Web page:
Billionaire Paul Allen is sending more than 10,000 smartphones to West Africa to help in the battle against Ebola.
The Microsoft co-founder’s Paul G. Allen Family Foundation is providing the specially-programmed phones in an attempt to help government workers and aid volunteers gather data about the effectiveness of relief efforts in the disease-ravaged region.
“We need reliable data to understand what is going on in impacted areas to get ahead of the Ebola crisis,” said Allen, in a statement released on Monday.
The smartphones are the philanthropist’s latest contribution to the Ebola battle.
Last month Allen said that he would increase his contribution to fighting the deadly disease to at least $100 million. In September the philanthropist donated $9 million to the Centers for Disease Control and Prevention to support the fight against Ebola.
While a number of the phones were purchased by the Paul G. Allen Family Foundation, others were gifts from companies.
As part of Allen’s existing commitment to tackle Ebola, he also announced a grant to communications specialist NetHope on Monday. NetHope is an international consortium of NGOs devoted to improving emergency response organizations’ IT communications.
“NetHope is working closely with the U.N. and all of the large response organizations to identify the gaps in communications capacity,” said Allen. “Today, we are committing resources to boost communication and data collection capabilities to more effectively fight Ebola in West Africa.”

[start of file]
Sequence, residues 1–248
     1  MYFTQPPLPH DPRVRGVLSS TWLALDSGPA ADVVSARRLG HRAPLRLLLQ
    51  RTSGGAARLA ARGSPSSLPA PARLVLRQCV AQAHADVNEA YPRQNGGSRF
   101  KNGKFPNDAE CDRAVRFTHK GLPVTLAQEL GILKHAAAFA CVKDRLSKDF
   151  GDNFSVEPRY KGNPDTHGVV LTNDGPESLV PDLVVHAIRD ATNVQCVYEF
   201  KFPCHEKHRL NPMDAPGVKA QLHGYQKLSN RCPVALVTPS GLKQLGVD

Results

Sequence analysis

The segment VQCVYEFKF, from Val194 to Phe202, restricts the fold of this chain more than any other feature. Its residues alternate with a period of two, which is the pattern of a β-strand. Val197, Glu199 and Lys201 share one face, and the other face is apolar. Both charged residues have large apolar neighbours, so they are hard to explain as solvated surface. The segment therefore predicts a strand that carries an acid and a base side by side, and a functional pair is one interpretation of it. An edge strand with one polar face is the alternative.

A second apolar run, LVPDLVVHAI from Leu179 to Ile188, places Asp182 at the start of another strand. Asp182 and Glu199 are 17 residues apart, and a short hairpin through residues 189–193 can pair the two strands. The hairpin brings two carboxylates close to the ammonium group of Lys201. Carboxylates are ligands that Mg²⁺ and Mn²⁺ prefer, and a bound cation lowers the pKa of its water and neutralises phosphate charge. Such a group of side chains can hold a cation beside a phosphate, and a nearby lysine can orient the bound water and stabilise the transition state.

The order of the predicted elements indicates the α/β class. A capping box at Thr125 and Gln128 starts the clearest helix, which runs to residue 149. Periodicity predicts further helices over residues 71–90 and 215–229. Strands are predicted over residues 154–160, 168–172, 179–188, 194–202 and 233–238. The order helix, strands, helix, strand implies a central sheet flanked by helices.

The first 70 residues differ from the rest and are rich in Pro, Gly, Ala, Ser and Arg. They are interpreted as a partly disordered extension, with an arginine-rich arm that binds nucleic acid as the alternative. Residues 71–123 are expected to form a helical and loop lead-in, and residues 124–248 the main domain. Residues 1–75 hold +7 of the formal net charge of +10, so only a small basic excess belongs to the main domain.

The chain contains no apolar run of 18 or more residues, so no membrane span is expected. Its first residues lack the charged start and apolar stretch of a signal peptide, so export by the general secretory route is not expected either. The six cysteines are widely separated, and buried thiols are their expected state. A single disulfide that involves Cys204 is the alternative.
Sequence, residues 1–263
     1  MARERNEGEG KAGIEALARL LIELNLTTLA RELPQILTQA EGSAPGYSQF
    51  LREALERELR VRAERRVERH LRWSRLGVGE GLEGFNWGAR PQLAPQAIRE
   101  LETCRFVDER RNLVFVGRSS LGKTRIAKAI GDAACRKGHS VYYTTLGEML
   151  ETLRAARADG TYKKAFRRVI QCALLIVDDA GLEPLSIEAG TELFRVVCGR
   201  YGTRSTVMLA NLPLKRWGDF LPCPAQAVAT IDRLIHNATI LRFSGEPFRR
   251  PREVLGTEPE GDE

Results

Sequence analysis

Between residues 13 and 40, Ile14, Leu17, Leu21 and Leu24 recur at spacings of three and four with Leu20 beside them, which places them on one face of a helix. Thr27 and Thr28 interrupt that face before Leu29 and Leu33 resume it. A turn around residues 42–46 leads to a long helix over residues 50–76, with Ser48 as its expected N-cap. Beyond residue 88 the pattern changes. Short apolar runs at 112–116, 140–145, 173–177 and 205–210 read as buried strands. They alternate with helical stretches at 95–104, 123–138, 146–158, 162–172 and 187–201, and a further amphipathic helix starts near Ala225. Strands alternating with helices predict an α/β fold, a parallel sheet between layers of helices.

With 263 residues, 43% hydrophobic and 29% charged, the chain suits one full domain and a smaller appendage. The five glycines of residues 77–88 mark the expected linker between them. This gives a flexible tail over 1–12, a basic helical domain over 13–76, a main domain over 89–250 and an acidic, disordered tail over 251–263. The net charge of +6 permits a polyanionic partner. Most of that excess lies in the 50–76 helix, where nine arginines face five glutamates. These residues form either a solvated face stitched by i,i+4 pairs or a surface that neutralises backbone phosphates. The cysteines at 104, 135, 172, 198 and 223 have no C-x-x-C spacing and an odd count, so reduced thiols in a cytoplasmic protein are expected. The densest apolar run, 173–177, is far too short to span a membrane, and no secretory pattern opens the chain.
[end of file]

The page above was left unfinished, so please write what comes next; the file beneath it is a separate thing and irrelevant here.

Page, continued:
Allen’s donation to NetHope will help establish a fund to boost connectivity at 45 locations, as well as the deployment of up to 10 satellite communication terminals. The grant will also fund a number of short-term private sector projects to extend mobile capacity, as well as helping mobile operators widen their existing networks.
Technology is becoming a key weapon in the fight against Ebola. Last month, for example, IBM launched an analytics system to help track the spread of the deadly disease in Sierra Leone.
The system developed by IBM’s Nairobi, Kenya-based Africa research lab and Sierra Leone’s Government lets citizens report Ebola-related issues and concerns via text message or phone calls. The goal is to provide the country’s government with insight into communities affected by Ebola and improve its strategy for containing the disease.
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